There will be a lot of talk about the extreme right’s entry into the Bavarian parliament and the impact of yesterday’s election on the federal government in Berlin. But the most important fall-out may reside in a significant shift in political semantics.
For as long as I can remember, Bavaria has always been described to me as a very particular Bundesland. Not because it was my parents’ favourite holiday destination during my childhood (and has remained, indeed, a blessed corner of Europe), but because the Bavarians insisted on being ‘different’ from the rest of the bunch (to which they generically referred to as ‘Prussians’).
Strictly speaking, it’s not even a Bundesland, since it’s officially called a Freistaat, as if it wanted to remind the others that they could quit the federation any time. Some Germans consider the Bavarians as ‘arrogant’, but that’s the kind of reproach you earn mainly by performing better than anybody else. And they do, in practically all statistics: economy, security, health, education, employment, football, you name it.
Even on a European level, it’s difficult not to be impressed with Bavaria. With its 13 million inhabitants it would the 9th biggest member state, and in economic terms, with its GDP of 600 bn Euros, it would even be number seven, before Poland. And they don’t hide their opulence: their wonderfully megalomaniac ‘château’ representation in Brussels, in direct vicinity of the European Parliament, does not go unnoticed.
For as long as I can remember, this model region was managed by the CSU, the powerful local variant of the Christian Democrats, whose hyper-domination of Bavarian politics over half a century was shoulder-shruggingly explained by the fact that the country was ‘deeply conservative’. A very appropriate adjective for a region that not only did have quite a few assets worth ‘conserving’, but that had also managed to reconcile, as pointed out in a famous slogan, ‘laptops and leather trousers’. Developing world-class industry, research, and infrastructures was not mutually exclusive with preserving a strong, surprisingly inclusive, cultural heritage embodied in ostentatious identity markers (including a nightmare dialect).
Yesterday’s election to the regional parliament in Munich has attracted unprecedented international attention. This was mainly due to the fact that the CSU has been identified as the main problem child of the current coalition in Berlin, at least partly responsible for the stalemate in an increasingly ‘ungovernable’ Federal Republic, as well as for the apparent decline in Angela Merkel’s authority. European media are already wondering whether the Bavarian election results will weaken the federal government even further.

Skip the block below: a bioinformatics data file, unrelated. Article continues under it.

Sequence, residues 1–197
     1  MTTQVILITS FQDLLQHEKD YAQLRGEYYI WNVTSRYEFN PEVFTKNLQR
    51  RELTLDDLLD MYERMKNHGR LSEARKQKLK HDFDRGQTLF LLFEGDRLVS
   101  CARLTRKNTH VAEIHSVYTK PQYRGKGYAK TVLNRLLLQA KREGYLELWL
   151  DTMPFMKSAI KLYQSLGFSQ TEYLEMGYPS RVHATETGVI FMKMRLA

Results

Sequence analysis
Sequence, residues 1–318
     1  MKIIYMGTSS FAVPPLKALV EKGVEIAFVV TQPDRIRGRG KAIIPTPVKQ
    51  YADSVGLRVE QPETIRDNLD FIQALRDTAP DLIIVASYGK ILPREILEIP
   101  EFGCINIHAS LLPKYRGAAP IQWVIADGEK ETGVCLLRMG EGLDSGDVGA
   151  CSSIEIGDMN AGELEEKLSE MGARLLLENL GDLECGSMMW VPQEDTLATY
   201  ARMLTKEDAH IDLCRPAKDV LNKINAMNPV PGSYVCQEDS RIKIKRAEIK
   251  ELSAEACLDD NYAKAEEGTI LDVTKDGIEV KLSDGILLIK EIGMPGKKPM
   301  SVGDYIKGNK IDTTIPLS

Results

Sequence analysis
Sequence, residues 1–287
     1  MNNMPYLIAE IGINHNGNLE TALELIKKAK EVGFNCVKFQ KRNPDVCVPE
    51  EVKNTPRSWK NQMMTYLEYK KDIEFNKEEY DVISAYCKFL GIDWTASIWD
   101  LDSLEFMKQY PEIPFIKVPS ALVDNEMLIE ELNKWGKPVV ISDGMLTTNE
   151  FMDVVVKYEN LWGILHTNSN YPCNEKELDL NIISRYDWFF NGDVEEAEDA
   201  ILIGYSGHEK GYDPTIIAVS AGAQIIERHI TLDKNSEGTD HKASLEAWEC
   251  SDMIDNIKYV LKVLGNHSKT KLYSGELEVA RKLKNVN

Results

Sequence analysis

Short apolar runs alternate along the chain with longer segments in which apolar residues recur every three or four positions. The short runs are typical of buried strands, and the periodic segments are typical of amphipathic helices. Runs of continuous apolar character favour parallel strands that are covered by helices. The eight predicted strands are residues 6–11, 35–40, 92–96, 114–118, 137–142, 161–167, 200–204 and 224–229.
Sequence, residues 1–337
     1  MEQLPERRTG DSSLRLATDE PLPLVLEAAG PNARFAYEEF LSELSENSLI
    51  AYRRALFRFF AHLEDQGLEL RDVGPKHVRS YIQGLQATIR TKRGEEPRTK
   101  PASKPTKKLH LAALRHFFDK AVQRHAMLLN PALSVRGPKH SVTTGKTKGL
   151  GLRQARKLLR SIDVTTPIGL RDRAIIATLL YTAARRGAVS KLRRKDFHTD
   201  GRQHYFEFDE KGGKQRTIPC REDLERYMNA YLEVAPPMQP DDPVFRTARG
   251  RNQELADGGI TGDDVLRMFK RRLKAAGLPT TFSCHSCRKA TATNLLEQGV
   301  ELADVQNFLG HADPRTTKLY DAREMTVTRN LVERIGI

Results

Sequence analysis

And there will be quite some hand-wringing about the extreme right’s entry into the Bavarian Landtag. The AfD went from zero to ten percent – how shocking! Was not Munich the birthplace of Adolf Hitler’s movement? The kind of fear-mongering that shallow international television coverage loves to indulge in. They could just as well point out that 10.2% for an openly xenophobic party with an aggressive single-issue anti-migrant agenda is actually a rather poor result in the very region that has been more exposed than any other to the influx of refugees from the famous ‘Balkan route’ since August 2015. To put it differently: both parties who focused massively on the migration issue were rather unsuccessful in Bavaria. The CSU lost roughly a fourth of their voters in comparison to the 2013 election, and the AfD, which recruited 28% of their electorate precisely from former CSU voters, remained below their score in the federal elections a year ago and way behind current national opinion polls.
In a nutshell: Bavarians proved remarkably resistant to several variants of populism. They rejected the religiously tainted identity populism of current minister-president Markus Söder – whose infamous ‘crucifix law’ backfired even among many Bavarian Catholics – and only a minority of them were ready to embrace the xenophobic and nationalist populism of the AfD. At least that’s my reading, against the very particular backdrop of a soul-searching Germany in the autumn of 2018.
The most intriguing fall-out from this election is, however, the hi-jacking and re-definition of the term ‘conservative’ by the Greens, who doubled their results from five years ago, reaching an all-time high of 17.5%. They managed to do so in proposing a new brand of ‘conservatism’: the one they promote – not unlike their successful neighbours in Baden-Württemberg – shifts the core connotation of the term towards ‘sustainability’. And it carries, mostly implicit, but visibly understood by many, a secondary connotation of urgent change, transposing to their country Tancredo’s famous message to the Prince from Lampedusa’s Leopard: if we want to preserve what made Bavaria a great place, we need to change our ways.
Are we witnessing the arrival of climate change and biodiversity worries, in combination with issues of social sustainability, in mainstream politics in Western Europe? It would be about time. It’s probably too early to earmark 14 October 2018 as a ‘potential turning point for Europe’, as Florian Eder suggests in his (always excellent) Brussels Playbook today. In Bavaria, the Greens will remain in opposition, but the fact that they obtained 30% of the vote in the region’s major cities shows that their influence is not likely to decline over the next years. Especially if birds and insects continue to disappear, overhot summers last forever, and the automotive lobby has nothing to offer but big, fat SUVs and threats about job losses.
The future of German politics will be conservative. The question is what people will want to conserve, and who are the politicians who will propose the most credible brand of conservatism.